[Advaita-l] Alaya vijnana and Adwaita.
sunil_bhattacharjya at yahoo.com
Mon Mar 4 11:24:33 CST 2013
The simplest definition of Shunyata as given in the Diamond sutta and the Hrdaya sutta is the state reached when the aspirant loses the five skandhas (koshas). That is the same as saying that the aspirnat became videhamukta.
To my knowledge etymologically both the Sanskrit words "Shunya" and "Brahman" means the expanded state. One name of Lord Vishnu is "Shunya" and Lord Shiva also has one name as "Shunya".
From: vinayaka ns <brahmavadin at gmail.com>
To: A discussion group for Advaita Vedanta <advaita-l at lists.advaita-vedanta.org>
Sent: Monday, March 4, 2013 4:44 AM
Subject: Re: [Advaita-l] Alaya vijnana and Adwaita.
On Mon, Mar 4, 2013 at 5:13 PM, Srikanta Narayanaswami <
srikanta.narayanaswami at yahoo.com> wrote:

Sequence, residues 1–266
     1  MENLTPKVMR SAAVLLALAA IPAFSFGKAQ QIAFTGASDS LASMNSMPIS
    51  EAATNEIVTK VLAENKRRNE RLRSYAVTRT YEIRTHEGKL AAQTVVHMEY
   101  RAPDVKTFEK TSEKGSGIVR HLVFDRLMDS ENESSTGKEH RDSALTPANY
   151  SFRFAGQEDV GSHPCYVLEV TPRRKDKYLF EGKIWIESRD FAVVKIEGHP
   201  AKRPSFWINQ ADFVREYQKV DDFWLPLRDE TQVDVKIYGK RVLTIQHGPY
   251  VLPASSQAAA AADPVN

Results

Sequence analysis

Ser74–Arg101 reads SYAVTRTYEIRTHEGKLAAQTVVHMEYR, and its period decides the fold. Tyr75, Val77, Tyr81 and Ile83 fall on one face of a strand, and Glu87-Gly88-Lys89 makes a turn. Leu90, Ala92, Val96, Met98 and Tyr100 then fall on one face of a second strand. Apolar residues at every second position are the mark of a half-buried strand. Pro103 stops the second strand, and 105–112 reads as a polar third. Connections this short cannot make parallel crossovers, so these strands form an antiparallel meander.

> Though Nagarjuna shouted from the roof tops that Shunyata is not nothing
> ness the Buddhistic logic has further gone to define what is Shunyata.Many
> Buddhist scholars have written books on this and continue to write down to
> the present HHDalai Lama.....
Here is one clarification on shUnyavAda of the mAdhyamikas:
"Unfortunately the word ‘Shūnya’ has been
gravely misunderstood. The literal meaning of
the word which is negation or void has been
the cause of much misunderstanding. The
word is used by the Mādhyamikas in a different philosophical sense.
Ignoring the real
philosophical meaning of the word ‘Shūnya’
and taking it only in its literal sense, many
thinkers, eastern and western, ancient, medieval and modern have
unfortunately committed that horrible blunder which has led them
to thoroughly misunderstand Shūnyavada and
to condemn it as a hopeless scepticism and a
self-condemned nihilism. Shūnya, according
to the Mādhyamika, we emphatically maintain, does not mean a ‘nothing’ or
void’ or a ‘negative abyss’. Shūnya essentially
means Indescribable (avāchya or anabhilāpya)
as it is beyond the four categories of intellect
(chatuṣkoṭi-vinirmukta). It is Reality which ultimately transcends
both and neither. It is neither affirmation nor
negation nor both nor neither."
Source: Chandradhar Sharma, A Critical Survey of Indian Philosophy(Motilal
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